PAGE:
The life of a researcher may sound exciting to those on the outside - spending your time trying to find answers to all the questions that intrigue you and trekking the world to find them! In reality, though, most of your time is likely spent in a classroom or institution completing professorial tasks or writing papers to appease the ‘publish or perish’ mindset of scholarly work.
The requirements of research papers as a scholar are far more strict than they are in any other field. There are scientific rules that must be followed, as well as structural formats. One of these expectations is that you sound like an expert, which requires you to adopt multiple levels of speaking in your paper through active and passive voice. Even though this skill is difficult to learn and master, doing so can help you to increase your scholastic expertise.
What are Active and Passive Voices?
As students, we learn the basics of active and passive voice throughout our education, but the general idea is that passive is weak and active is the goal. The truth is that, if you do it right, passive voice has a purpose.
Sometimes, the passive voice sounds smoother and more polished than an active similar sentence. Learning the difference between the two can help you decide when to use which voice.
In grammar, active and passive voice refers to how you construct an idea to communicate information about the action. Each refers to the relationship between the verb and the subject or object in the sentence. The way you devise your sentence, using one of these two voices, determines the clarity the reader receives on what you are trying to say. Active voice is frequently advised for the most clarity, but engaging in passive voice helps to prevent redundancy.
How Do These Writing Styles Improve Your Paper?
In your paper, using active voice makes it clear to your reader where the action is focused in each sentence. The subject should always precede the verb so the reader’s attention is on the object in question, not the action. But when you want to stress the relationship between what you are working on and the results, passive voice might be a better choice.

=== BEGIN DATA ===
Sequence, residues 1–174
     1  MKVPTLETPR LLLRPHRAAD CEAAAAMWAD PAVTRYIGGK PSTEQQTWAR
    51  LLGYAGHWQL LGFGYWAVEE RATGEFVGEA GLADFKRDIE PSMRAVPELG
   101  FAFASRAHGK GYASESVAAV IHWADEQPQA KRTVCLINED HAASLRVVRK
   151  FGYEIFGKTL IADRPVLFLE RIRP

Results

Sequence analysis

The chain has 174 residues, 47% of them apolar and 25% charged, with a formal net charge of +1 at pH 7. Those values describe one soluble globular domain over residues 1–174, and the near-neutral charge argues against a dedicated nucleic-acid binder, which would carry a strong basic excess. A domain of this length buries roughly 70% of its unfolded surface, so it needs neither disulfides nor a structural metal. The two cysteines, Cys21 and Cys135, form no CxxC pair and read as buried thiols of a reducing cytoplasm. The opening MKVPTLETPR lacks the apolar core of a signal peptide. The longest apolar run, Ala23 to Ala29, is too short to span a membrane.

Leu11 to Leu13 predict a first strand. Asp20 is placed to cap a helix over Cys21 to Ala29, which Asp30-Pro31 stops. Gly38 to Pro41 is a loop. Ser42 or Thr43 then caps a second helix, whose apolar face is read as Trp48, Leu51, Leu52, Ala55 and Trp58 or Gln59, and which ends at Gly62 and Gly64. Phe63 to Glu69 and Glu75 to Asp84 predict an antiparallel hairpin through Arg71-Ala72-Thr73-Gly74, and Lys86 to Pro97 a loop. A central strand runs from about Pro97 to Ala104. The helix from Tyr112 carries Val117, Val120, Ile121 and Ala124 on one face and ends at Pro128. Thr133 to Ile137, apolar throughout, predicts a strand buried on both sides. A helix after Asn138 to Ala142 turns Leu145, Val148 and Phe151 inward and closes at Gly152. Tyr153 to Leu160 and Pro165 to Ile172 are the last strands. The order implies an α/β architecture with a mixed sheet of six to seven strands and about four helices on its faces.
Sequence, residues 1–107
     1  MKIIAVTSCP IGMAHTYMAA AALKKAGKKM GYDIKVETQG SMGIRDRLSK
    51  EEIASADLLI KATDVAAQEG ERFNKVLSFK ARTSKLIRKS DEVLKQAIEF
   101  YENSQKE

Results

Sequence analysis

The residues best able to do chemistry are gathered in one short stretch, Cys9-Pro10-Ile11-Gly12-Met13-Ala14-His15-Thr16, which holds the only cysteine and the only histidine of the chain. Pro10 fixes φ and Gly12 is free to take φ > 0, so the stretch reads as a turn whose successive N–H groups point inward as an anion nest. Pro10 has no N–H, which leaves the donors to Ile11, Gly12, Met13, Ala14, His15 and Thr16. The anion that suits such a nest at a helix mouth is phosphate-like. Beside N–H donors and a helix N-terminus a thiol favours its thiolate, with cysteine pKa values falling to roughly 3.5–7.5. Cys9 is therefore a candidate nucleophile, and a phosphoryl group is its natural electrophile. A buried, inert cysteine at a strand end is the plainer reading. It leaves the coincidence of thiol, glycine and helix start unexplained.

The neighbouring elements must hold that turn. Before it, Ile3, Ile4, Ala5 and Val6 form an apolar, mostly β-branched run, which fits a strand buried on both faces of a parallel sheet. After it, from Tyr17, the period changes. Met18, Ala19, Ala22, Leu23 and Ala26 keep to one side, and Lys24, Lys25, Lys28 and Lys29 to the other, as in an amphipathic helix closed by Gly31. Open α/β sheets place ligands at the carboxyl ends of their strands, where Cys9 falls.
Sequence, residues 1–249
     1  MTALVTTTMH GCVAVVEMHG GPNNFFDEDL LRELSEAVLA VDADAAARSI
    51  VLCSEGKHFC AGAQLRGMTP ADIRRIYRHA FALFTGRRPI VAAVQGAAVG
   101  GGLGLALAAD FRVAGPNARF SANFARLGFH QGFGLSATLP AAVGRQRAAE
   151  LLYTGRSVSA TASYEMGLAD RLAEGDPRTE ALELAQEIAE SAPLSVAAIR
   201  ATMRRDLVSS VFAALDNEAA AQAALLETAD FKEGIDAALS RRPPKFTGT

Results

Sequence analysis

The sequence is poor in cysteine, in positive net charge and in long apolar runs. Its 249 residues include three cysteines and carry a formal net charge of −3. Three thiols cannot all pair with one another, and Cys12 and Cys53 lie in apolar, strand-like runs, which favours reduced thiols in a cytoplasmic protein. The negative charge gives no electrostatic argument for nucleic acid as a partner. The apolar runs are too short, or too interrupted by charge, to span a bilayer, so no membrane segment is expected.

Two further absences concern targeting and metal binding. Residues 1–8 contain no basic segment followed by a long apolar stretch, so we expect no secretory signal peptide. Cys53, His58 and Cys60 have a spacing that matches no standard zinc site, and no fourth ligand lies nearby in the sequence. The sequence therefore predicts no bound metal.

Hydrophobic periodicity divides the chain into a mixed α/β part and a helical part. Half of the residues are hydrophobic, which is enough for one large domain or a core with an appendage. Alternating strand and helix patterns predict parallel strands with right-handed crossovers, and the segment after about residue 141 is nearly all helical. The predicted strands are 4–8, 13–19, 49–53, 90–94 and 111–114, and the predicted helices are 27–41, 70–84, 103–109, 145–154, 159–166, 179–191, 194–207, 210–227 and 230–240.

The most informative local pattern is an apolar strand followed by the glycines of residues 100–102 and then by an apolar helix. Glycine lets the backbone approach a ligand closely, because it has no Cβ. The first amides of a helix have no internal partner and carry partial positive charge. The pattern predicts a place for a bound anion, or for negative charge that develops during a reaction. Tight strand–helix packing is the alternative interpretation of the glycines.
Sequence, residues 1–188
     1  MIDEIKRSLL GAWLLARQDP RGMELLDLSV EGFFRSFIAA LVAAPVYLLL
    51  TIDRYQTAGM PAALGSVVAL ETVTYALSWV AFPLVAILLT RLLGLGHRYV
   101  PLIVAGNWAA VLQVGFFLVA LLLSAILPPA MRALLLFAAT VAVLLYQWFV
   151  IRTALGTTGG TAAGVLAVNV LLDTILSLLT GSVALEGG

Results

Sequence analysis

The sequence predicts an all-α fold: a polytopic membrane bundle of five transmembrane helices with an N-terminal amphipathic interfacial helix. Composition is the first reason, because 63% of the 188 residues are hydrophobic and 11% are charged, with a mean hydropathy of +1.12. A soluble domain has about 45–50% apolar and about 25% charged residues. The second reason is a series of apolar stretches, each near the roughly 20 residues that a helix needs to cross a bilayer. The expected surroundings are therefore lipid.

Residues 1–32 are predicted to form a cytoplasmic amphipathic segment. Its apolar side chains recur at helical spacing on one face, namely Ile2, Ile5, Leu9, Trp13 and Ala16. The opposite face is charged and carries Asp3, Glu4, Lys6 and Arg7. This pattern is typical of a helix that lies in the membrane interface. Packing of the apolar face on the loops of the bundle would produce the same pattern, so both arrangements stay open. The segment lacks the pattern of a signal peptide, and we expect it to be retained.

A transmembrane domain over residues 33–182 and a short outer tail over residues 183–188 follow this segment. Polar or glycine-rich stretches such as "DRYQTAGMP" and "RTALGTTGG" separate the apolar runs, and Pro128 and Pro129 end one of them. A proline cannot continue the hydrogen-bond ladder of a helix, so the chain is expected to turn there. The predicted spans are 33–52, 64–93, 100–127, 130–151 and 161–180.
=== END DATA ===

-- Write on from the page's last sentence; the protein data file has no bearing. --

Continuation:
In passive voice sentence construction, the subject is left out and the verb and object are the focus. This is often the preferred way to write sentences when you want the outcome to be heard, but the actual person or subject who performed the outcome or action is not important or relevant.
Scholarly writing should always emphasize clarity through precise, non-repetitive text. Deciding whether to use the active or passive voice to do so is your choice as the writer, but the thought to keep in mind is whether or not the subject is truly necessary or the relationship between the outcome and the object is the main focus.
You can use the passive voice optimally when you want to:
- Continue an idea after the reader already knows who or what the subject is without repeating yourself
- Provide background about the topic or research study, add context, or explain an idea in greater depth
- Focus on the object, not the subject, and the results of the action rather than the action
- Adjust your sentence structure to avoid monotony
Different styles of writing serve multiple purposes, and different journals may require you to write a certain way. Check with the author guidelines provided by all publishers before you submit your manuscript to ensure your style is compatible with what the journal requires.